Everything you need to know about robotic process automation


robotic process automation

Some of our readers had requested us to cover robotic process automation (RPA). Hence, we are here providing a brief overview of this interesting and important trend in information technology. We will also examine how natural language processing and machine learning play a role in RPA.

What is robotic process automation?

Robotic process automation (RPA) is defined by the Institute for Robotic Process Automation (IRPA) as ‘the application of technology allowing employees in a company to configure computer software or a ‘robot’ to capture and interpret existing applications for processing a transaction, manipulating data, triggering responses and communicating with other digital systems.’ In other words, it involves automating certain tasks or processes that manipulate data. While the definition of RPA as defined by IRPA is very broad and uses the word ‘robot’, real life RPA has nothing to do with robots. Though the term ‘robotic process automation’ conjures up visions of an army of robots doing some human tasks, such as moving things or carrying out some other such physical labour, RPA does not have anything to do with robots themselves. It is a form of automation where intelligent software processes take over certain tasks that have typically been performed by human beings.

The readers may now be wondering how this is different from normal software processes involved in desktop automation, which typically do many tasks such as generating bar charts from data, or performing accounting calculations in Excel spreadsheets, typically performed by defining custom macros. Well, the difference comes from the fact that such simple automation scripts fail when there is a decision to be made and when there are a set of complicated steps to follow in order to achieve a task. Typically, desktop automation is limited to defining functions or macros that operate within an application. Let us consider an example from the financial services, namely, the accounts payable process. This is a critical function in all organisations. It includes reconciling the statements submitted by the vendors against the statements of the internal buying departments of an organisation. An organisation can buy goods and services from outside vendors. The purchase process is typically carried out by means of purchase orders. When the goods and services are received, the buying departments create the ‘received’ reports. The vendors or sellers of these goods and services then submit invoices for payment by the organisation. The reconciliation is carried out by a three-way process between the vendor invoices, received reports and the purchase orders.

While this appears to be a routine task, mismatches between these three data sources can require human intervention and decision making. A typical mismatch could be where the vendor shows the invoice as unpaid whereas the internal department system shows the invoice as paid. The accounts payable process then needs to identify the root cause of the mismatch, and so carries out one of the following three actions. If it finds that the invoice has already been paid, it needs to send the payment details to the vendor. If it has been processed and marked as not paid, it needs to provide the reasons for non-payment to the vendor. Or if the invoice has not been received, it should send a notification to the vendor to send a duplicate invoice. This is a repetitive task and needs decision-making based on the type of mismatch found. Hence, this task is typically done by humans.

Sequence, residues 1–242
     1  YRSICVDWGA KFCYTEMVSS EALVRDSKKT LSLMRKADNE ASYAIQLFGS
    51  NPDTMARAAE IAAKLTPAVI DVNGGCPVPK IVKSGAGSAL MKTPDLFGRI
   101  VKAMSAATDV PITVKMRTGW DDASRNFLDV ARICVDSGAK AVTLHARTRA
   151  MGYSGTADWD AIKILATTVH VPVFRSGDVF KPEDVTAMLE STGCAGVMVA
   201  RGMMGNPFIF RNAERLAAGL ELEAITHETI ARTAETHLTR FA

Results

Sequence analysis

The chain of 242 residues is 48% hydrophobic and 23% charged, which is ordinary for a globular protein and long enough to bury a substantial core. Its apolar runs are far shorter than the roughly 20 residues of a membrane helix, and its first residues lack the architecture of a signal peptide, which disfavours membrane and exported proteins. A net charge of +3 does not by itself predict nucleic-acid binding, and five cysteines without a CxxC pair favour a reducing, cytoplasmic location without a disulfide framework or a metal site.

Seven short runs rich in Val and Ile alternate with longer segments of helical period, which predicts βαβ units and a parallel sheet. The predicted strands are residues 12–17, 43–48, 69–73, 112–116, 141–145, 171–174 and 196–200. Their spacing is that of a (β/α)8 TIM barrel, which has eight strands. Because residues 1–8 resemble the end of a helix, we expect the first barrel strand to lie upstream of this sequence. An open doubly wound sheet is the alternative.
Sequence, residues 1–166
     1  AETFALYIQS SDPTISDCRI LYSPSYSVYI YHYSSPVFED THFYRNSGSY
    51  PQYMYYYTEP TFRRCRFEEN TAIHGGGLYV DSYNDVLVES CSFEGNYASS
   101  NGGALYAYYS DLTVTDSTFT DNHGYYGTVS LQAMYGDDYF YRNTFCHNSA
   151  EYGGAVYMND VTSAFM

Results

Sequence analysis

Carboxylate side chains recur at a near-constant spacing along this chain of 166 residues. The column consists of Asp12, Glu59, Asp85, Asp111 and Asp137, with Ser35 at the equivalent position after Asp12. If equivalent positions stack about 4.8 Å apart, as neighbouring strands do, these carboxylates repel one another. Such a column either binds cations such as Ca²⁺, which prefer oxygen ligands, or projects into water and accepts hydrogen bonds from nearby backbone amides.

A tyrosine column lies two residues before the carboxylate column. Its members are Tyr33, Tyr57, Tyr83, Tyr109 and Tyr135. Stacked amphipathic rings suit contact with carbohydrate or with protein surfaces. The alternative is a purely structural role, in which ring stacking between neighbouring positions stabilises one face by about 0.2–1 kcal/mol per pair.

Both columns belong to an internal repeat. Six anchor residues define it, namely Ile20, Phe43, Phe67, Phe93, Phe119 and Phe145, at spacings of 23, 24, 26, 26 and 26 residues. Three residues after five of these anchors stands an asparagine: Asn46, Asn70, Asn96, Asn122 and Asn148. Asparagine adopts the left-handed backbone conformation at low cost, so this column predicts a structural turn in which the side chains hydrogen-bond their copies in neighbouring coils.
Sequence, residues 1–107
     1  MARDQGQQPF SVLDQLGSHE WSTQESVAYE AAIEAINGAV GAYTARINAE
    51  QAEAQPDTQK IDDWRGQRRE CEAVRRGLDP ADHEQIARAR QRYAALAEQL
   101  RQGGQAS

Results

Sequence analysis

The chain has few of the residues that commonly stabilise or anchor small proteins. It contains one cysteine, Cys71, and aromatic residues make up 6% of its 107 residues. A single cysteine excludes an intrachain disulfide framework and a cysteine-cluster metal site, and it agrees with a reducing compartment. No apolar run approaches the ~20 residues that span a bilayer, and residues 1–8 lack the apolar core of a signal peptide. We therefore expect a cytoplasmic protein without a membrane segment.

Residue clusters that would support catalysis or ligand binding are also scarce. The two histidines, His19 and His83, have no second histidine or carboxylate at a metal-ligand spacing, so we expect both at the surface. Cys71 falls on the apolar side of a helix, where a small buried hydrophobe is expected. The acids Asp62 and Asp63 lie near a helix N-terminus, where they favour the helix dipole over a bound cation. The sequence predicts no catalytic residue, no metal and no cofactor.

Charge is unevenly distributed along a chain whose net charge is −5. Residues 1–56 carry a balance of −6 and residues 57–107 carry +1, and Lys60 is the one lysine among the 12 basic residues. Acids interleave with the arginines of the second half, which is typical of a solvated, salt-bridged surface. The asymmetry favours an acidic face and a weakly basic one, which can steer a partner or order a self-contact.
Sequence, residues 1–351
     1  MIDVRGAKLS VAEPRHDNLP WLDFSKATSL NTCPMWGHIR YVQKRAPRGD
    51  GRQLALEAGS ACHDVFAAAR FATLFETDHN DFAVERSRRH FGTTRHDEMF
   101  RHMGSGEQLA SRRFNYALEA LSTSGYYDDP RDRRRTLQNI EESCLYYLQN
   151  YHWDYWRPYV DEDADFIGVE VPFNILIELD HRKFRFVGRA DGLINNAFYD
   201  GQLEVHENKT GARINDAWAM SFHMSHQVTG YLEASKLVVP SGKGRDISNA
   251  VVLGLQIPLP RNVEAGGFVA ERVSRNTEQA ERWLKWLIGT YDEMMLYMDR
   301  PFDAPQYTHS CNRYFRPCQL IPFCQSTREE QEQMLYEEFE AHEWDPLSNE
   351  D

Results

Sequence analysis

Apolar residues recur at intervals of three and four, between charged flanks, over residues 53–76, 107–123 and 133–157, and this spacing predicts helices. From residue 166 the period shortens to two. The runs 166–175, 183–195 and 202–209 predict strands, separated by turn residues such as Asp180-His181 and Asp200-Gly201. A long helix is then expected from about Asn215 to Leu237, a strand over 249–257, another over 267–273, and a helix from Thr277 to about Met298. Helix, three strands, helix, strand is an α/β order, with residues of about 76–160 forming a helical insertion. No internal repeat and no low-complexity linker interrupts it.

Given the repetitiveness of the task and the need for decision-making, this is an ideal task for RPA. The RPA tool, when deployed, can isolate the mismatches and take the required action. Instead of having humans perform this repetitive task, using a robotic process automation tool will improve productivity by over 90 per cent, while achieving the highest accuracy. This is just one simple example of an RPA tool. Many such instances exist in the organisational workflow. Today, many of the business processes that were outsourced are getting transformed as a result of RPA. Business processes can either be front-end operations dealing with customers in call centres, or they can be back-end processes such as accounts payable, checking the derivatives trades, insurance claims processing, etc.

Automation of front-end operations typically involves chat bots or conversational agents. These automation processes usually require natural language processing or natural language understanding. Back-end operations can be either based on structured data or unstructured data. Structured data operations typically include data operations on various databases. Unstructured data operations typically include processing of documents, images and multi-modal data. Now, let us take a brief diversion to understand how natural language processing (NLP) can aid in RPA.

Figure 1: RPA capabilities in three stages

Natural language processing and RPA

According to industry experts, RPA is likely to progress through three stages of innovation. The first stage consists of dealing with static rules and structured data, with tasks such as data entry and validation getting automated. Stage 2 of RPA consists of some form of natural language processing capabilities and performing tasks such as content analytics and process automation. Stage 3 consists of advanced natural language processing and cognitive capabilities—this deals with RPA systems capable of human-like decision-making. Figure 1 shows the evolution of RPA capabilities through these three stages*.